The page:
Civil War Epistolary and the Hollywood War Film

  • John Trafton


In 1895, the same year as the early film exhibitions from Edison and the Lumière brothers, and the reemergence of Brady’s photographs from their hibernation period, Stephen Crane, a 22-year-old bohemian New Yorker—a man who had never witnessed combat in his life—published The Red Badge of Courage. The novel was heralded as a graphic and compelling account of the Civil War, told through the eyes of a young Union private and based largely on accounts from veterans, historians, and a popular postwar anthology, Battles and Leaders of the Civil War, a collection of essays and personal diary entries from both Union and Confederate veterans (Morris 2007, 137). Crane’s novel, the story of Union private Henry Fleming’s soldiering life, narrates the Civil War in first person and is informed by the emotive capacity and authoritativeness of first-person accounts of soldiers who fought the war. Firstperson testimonials, preserved in the letters and diaries of Civil War soldiers, evoked in Crane’s novel, serve as competing histories to the ones written by historians and journalists. These competing histories can be read as counterhistories—alternative accounts that challenge the work of war journalists and even pictorial accounts—on the basis that a firsthand account serves as a more authoritative narrative of events.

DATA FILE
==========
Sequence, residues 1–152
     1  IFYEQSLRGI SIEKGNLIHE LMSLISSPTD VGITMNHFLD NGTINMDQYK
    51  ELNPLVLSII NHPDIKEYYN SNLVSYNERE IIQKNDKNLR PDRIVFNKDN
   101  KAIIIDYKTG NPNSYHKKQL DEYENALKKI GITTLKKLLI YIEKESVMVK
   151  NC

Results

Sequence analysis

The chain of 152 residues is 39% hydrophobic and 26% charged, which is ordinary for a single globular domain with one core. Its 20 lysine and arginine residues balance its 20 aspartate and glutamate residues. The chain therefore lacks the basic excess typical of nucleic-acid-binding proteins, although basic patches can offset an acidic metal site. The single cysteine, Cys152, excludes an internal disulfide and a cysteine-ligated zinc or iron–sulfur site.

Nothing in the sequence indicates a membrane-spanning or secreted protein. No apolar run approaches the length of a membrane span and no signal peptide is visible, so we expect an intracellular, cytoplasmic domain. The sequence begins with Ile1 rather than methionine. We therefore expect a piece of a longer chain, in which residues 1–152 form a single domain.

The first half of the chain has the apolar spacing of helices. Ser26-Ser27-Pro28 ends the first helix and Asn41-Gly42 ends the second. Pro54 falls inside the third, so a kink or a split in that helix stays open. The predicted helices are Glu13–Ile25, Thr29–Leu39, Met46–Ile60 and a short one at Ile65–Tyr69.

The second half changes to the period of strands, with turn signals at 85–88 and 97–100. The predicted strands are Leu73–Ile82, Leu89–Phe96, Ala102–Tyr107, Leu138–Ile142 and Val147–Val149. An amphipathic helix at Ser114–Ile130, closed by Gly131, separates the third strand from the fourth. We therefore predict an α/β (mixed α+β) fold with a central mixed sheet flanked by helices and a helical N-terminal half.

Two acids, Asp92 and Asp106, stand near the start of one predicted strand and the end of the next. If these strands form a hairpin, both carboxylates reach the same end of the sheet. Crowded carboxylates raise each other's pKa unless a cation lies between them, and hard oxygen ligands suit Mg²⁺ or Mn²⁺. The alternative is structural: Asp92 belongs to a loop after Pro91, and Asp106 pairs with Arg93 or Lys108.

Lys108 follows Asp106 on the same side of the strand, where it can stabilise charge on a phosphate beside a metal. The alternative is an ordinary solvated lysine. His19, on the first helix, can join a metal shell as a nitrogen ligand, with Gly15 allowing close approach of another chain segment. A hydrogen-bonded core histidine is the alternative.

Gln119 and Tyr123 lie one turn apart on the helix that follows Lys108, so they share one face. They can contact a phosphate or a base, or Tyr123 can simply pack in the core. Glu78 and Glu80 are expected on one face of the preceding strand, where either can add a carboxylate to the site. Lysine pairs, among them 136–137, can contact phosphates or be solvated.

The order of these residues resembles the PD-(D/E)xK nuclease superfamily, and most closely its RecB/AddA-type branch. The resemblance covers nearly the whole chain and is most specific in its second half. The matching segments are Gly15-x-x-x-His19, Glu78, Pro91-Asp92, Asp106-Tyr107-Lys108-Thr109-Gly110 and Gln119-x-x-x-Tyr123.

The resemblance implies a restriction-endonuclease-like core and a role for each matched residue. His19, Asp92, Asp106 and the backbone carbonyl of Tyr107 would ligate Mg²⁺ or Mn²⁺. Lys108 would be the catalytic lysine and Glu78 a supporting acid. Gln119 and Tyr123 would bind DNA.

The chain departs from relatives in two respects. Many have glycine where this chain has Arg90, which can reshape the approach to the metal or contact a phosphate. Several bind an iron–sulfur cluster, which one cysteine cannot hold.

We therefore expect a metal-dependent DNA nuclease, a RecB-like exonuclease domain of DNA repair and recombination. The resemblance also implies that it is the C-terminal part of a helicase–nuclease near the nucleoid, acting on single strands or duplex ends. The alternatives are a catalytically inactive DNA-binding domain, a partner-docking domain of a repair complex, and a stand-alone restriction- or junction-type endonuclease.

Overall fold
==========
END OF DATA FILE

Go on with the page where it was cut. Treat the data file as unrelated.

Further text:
Memory Bank Violent Video Game Hibernation Period Narrative Strategy Emotive Capacity 
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© The Author 2016

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  • John Trafton

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